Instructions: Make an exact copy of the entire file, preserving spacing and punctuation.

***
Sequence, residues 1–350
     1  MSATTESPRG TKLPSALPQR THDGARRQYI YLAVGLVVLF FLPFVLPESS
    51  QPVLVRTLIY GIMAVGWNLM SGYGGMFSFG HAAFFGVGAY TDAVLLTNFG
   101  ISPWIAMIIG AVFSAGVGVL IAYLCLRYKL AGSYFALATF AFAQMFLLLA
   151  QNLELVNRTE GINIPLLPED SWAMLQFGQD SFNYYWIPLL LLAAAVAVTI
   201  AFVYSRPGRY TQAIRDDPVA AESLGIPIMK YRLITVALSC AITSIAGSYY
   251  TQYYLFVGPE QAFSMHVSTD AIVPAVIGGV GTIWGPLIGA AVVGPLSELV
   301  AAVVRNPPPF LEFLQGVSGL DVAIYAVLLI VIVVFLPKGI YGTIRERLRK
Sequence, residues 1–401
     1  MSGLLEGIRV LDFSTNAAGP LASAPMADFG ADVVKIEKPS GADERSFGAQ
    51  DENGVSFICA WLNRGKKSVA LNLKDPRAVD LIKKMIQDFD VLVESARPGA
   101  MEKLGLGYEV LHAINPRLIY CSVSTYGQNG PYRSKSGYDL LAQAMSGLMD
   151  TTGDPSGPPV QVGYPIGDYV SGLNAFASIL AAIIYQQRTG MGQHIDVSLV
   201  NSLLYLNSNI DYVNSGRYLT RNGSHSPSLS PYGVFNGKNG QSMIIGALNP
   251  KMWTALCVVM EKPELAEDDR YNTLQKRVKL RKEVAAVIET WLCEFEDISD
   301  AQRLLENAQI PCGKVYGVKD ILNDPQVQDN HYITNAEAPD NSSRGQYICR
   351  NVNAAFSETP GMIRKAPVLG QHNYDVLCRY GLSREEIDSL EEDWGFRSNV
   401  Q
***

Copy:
Sequence, residues 1–350
     1  MSATTESPRG TKLPSALPQR THDGARRQYI YLAVGLVVLF FLPFVLPESS
    51  QPVLVRTLIY GIMAVGWNLM SGYGGMFSFG HAAFFGVGAY TDAVLLTNFG
   101  ISPWIAMIIG AVFSAGVGVL IAYLCLRYKL AGSYFALATF AFAQMFLLLA
   151  QNLELVNRTE GINIPLLPED SWAMLQFGQD SFNYYWIPLL LLAAAVAVTI
   201  AFVYSRPGRY TQAIRDDPVA AESLGIPIMK YRLITVALSC AITSIAGSYY
   251  TQYYLFVGPE QAFSMHVSTD AIVPAVIGGV GTIWGPLIGA AVVGPLSELV
   301  AAVVRNPPPF LEFLQGVSGL DVAIYAVLLI VIVVFLPKGI YGTIRERLRK
Sequence, residues 1–401
     1  MSGLLEGIRV LDFSTNAAGP LASAPMADFG ADVVKIEKPS GADERSFGAQ
    51  DENGVSFICA WLNRGKKSVA LNLKDPRAVD LIKKMIQDFD VLVESARPGA
   101  MEKLGLGYEV LHAINPRLIY CSVSTYGQNG PYRSKSGYDL LAQAMSGLMD
   151  TTGDPSGPPV QVGYPIGDYV SGLNAFASIL AAIIYQQRTG MGQHIDVSLV
   201  NSLLYLNSNI DYVNSGRYLT RNGSHSPSLS PYGVFNGKNG QSMIIGALNP
   251  KMWTALCVVM EKPELAEDDR YNTLQKRVKL RKEVAAVIET WLCEFEDISD
   301  AQRLLENAQI PCGKVYGVKD ILNDPQVQDN HYITNAEAPD NSSRGQYICR
   351  NVNAAFSETP GMIRKAPVLG QHNYDVLCRY GLSREEIDSL EEDWGFRSNV
   401  Q